Grist to the Mill

08 June, 2005


There is a beautiful bridge in Budapest (the Szécheny), and at either end are two large reclining lions, carved from stone. In a municipal park in Reading there is a bronze statue of a prowling lion. Both sculptors are rumoured to have committed suicide for the same reason (anatomical inaccuracies - of their work, not of their own bodies I should point out). Here is a quick summary of each case:

The popular story says that the sculptor, János Marsalkó, who carved the stone lions committed suicide by throwing himself off the bridge after it was discovered that he had forgotten to carve tongues inside their slightly opened mouths and that they were therefore imperfect. It is a popular legend but there is no truth in it, however, as the lions do have tongues, though they are only visible from above.

[George Blackall-Simond] created the works for which he is best known in Reading. The Maiwand Lion in the Forbury Gardens celebrates the valiant last stand of the Royal Berkshire Regiment at the Battle of Maiwand in Afghanistan in 1880. A massive 31 feet long it is one of the world’s largest bronzes, taking two years to design and complete. Lord Wantage unveiled it in December 1886. According to urban legend, the sculptor of the lion got the stance of the legs wrong and a real lion would fall over. Realising his mistake after he creating it, Simond committed suicide. Recent investigation by staff at Reading Museum has revealed that Simonds’ work on lion anatomy was in fact correct, being based on the careful observation of real lions, not to mention the fact he actually had another forty-three years to live.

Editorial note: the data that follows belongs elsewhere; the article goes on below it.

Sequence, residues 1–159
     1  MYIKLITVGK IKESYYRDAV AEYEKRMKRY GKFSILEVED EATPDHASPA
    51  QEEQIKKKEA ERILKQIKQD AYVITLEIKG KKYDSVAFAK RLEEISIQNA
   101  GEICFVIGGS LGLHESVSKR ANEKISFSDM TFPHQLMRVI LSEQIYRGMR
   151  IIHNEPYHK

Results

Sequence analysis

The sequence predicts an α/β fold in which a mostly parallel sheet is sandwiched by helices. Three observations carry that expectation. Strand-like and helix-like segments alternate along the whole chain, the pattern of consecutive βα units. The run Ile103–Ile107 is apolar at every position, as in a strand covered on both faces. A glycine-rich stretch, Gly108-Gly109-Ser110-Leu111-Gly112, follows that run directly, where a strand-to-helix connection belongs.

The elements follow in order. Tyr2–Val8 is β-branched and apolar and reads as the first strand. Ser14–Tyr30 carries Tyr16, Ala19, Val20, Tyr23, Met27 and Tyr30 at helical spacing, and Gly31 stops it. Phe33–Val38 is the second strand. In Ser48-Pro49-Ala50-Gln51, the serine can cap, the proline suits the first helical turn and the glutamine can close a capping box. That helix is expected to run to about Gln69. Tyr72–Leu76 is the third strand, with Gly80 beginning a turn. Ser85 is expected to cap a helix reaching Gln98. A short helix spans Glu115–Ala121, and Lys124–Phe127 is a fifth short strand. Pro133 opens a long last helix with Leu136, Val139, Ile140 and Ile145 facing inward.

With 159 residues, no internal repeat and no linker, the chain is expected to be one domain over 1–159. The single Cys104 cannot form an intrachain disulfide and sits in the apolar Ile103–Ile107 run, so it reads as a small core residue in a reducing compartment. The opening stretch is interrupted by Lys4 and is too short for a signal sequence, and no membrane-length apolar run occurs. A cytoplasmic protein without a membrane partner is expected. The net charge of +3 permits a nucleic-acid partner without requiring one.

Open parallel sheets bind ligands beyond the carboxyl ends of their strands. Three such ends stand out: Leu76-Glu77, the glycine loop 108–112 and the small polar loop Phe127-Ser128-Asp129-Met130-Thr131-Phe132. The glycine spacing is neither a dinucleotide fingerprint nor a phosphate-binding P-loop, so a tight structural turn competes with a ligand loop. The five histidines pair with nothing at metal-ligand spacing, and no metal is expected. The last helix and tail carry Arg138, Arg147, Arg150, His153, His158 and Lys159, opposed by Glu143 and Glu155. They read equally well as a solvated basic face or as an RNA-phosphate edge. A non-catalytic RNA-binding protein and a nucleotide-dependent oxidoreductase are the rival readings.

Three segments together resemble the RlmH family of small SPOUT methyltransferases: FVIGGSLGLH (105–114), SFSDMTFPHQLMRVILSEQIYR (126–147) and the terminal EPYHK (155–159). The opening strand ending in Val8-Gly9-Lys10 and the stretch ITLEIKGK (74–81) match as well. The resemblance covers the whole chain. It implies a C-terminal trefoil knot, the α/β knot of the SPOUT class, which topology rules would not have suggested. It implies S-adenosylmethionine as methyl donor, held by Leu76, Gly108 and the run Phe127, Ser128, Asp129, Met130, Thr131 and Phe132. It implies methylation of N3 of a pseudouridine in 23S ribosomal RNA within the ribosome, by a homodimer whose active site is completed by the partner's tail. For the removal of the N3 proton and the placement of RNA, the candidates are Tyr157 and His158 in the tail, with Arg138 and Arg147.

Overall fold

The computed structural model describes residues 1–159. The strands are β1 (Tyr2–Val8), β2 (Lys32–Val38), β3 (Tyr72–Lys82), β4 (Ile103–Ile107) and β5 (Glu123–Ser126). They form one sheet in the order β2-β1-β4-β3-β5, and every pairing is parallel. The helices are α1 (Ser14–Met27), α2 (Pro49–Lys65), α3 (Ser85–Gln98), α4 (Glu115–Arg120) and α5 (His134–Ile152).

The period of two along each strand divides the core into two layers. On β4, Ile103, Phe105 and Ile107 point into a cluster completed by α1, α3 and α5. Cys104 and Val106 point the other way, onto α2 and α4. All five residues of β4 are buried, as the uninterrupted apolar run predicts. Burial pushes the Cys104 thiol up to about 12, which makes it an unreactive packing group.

So, if you know any sculptors engaged in lion-carving projects, best take them to one side and have a quiet word to make sure everything’s okay. But, joking and coincidence aside, why do these rumours persist, I wonder? I’m sure everyone’s aware of one. The architect of the crooked spire church near Sheffield is a well-known example. Two obvious conclusions: there is something enduring about the notion of a tormented genius and something very comforting in the idea that even the very talented make mistakes. Also, for these myths to resonate, they must attach to the public ‘furniture’ of a town – common symbols that are in the collective consciousness of a people and hence, instantly recognisable. I think it would be a paper for a psychologist.

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